Martin Lass | Product Marketing Manager | Infineon Technologies
En route towards autonomous driving, it is imperative to gather all the information about what is happening both inside and around the car. Besides driver state monitoring, capturing 3D data inside a car facilitates entirely new human machine interface (HMI) concepts.
In advanced driver assistance systems and en route towards self-driving cars, precise information about the driver’s attentiveness as well as the situation inside the vehicle is an essential requirement. Using a sophisticated 3D camera, the car captures the driver’s behaviour and forwards this information to the advanced driver assistance system. If the driver closes their eyes or is not looking straight ahead, it may then trigger an alarm. If the driver fails to respond, it activates the emergency brake assist. At the same time, the 3D camera chip delivers the directly measured depth data, without having to first calculate these from the angle information, as is necessary for example with a stereo camera, requiring high computing input. The image sensor REAL3 from Infineon makes it possible to realize a system for 3D vision in the smallest of installation spaces – for both indoor and outdoor applications.
Infineon serves a wide range of applications with its 3D image sensors. In addition to the variants originally introduced for consumer applications, solutions for industry and automotive electronics will also be offered in future. By way of example, corresponding REAL3 image sensors are already being used in the form of bare dies in the Google ATAP project Tango.The Tango project includes smartphones and tablets equipped with additional sensors and cameras that scan the environment in 3D in order to facilitate for example indoor navigation and augmented reality applications. For automotive applications, Infineon is working on versions with an extended temperature range, a robust package and AEC-Q100 qualification.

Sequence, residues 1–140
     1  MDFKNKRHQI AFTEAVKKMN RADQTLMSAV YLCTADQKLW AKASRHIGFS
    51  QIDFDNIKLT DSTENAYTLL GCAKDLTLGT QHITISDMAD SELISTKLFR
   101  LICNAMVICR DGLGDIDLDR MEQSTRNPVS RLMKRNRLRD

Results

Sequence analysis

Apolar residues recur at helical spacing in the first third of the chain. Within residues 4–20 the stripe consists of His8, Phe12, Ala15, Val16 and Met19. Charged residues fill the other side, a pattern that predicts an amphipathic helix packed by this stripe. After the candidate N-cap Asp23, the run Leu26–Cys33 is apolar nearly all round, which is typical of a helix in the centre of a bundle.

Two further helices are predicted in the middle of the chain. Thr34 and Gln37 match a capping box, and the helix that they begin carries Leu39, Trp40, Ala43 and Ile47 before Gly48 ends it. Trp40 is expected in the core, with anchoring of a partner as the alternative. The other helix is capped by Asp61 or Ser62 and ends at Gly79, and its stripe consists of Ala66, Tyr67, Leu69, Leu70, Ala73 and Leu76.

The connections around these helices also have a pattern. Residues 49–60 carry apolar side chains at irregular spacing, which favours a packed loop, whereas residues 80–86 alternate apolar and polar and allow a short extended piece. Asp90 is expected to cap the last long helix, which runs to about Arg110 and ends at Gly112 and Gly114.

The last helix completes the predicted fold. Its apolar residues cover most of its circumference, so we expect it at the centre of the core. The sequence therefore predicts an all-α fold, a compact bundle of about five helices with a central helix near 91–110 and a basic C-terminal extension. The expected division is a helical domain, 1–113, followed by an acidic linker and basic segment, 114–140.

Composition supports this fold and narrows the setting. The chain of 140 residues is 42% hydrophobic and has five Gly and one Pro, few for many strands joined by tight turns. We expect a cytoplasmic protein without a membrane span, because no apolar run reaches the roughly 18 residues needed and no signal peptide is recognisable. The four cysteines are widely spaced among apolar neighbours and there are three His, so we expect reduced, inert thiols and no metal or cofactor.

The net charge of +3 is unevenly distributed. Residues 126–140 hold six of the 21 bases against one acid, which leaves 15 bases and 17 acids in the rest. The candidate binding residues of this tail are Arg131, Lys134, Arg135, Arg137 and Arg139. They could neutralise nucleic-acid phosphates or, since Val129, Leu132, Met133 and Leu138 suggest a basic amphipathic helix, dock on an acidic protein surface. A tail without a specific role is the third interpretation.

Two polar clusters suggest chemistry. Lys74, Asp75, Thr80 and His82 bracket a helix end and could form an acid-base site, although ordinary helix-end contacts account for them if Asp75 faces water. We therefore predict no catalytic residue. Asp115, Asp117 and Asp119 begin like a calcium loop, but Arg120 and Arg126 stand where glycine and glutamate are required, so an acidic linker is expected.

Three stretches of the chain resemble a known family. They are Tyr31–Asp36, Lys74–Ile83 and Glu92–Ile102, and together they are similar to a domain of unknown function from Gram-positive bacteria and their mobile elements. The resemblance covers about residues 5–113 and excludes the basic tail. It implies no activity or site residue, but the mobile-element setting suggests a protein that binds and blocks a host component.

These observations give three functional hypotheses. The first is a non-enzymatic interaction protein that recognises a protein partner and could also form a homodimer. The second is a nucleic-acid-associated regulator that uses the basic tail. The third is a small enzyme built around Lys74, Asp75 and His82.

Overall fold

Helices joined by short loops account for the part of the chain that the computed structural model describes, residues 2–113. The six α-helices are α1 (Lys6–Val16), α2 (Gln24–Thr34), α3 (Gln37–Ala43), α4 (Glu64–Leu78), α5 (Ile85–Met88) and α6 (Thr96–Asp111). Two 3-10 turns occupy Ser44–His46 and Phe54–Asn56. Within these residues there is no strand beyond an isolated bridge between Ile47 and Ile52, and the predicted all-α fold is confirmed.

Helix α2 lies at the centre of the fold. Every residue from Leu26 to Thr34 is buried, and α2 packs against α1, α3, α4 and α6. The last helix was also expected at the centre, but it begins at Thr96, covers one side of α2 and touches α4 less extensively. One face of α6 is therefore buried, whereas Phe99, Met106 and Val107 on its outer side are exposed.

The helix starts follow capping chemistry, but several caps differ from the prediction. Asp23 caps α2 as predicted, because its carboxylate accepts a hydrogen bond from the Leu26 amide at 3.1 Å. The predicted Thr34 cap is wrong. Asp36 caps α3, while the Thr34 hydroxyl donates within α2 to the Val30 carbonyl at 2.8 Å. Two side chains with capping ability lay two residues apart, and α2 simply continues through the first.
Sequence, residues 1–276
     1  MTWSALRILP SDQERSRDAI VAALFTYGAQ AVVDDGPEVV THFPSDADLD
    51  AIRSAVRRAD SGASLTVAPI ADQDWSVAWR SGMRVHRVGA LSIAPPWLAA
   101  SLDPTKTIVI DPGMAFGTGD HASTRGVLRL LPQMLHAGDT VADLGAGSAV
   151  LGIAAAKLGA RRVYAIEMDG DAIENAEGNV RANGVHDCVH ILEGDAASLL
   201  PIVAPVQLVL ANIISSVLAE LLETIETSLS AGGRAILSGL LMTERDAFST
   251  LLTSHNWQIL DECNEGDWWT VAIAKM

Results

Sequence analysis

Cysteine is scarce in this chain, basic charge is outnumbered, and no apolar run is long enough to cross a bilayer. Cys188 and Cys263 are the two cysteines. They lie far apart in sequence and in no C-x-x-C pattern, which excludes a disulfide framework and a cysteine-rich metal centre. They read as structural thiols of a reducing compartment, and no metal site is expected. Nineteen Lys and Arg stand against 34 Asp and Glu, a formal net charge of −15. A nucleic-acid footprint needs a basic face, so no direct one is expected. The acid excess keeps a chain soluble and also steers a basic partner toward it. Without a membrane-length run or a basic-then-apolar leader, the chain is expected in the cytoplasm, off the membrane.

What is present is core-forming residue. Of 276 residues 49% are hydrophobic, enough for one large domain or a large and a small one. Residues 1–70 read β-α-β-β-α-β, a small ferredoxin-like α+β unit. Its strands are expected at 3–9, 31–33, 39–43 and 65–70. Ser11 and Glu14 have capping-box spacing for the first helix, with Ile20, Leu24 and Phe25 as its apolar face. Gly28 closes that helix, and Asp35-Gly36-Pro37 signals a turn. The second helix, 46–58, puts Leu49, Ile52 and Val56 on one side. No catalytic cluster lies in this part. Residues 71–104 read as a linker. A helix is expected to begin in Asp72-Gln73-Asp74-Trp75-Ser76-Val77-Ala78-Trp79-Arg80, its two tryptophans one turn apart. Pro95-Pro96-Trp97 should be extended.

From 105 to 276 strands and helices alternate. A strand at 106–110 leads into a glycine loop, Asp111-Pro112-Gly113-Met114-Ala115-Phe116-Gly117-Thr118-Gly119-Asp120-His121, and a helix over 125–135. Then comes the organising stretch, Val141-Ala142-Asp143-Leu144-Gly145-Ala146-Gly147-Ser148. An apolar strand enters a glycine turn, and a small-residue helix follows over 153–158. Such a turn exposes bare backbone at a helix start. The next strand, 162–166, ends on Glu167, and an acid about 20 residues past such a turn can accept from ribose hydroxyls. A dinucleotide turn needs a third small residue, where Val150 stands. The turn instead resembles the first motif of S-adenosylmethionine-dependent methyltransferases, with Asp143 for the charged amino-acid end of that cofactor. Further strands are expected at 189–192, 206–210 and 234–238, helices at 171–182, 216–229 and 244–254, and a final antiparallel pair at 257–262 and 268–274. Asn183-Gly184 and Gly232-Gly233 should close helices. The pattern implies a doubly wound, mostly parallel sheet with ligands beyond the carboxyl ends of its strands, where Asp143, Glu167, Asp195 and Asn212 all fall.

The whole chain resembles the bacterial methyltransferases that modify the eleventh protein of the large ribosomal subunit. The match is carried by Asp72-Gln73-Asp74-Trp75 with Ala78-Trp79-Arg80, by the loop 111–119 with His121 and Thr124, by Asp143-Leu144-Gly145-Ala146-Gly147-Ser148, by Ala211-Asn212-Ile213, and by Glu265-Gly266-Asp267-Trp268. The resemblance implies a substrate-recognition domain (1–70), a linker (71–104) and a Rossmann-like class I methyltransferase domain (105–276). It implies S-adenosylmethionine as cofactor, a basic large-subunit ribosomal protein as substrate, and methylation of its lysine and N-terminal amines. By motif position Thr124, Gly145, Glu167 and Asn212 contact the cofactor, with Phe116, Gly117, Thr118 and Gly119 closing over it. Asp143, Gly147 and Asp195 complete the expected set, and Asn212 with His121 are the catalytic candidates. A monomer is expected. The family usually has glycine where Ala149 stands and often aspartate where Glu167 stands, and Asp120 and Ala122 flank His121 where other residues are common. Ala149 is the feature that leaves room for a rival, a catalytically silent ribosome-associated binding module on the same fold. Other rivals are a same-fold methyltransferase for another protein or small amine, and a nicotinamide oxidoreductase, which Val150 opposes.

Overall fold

Various technologies have been developed for capturing 3D information. With stereo vision, for example, two standard 2D cameras record the scene from various angles and thus calculate the distance (depth). This method offers the advantage that low-cost standard image sensors can be used. However, time-consuming physical adjustment and calibration is required. What is more, highly complex and computationally-intensive algorithms are necessary. Finally, the method is limited in poor and changing lighting conditions.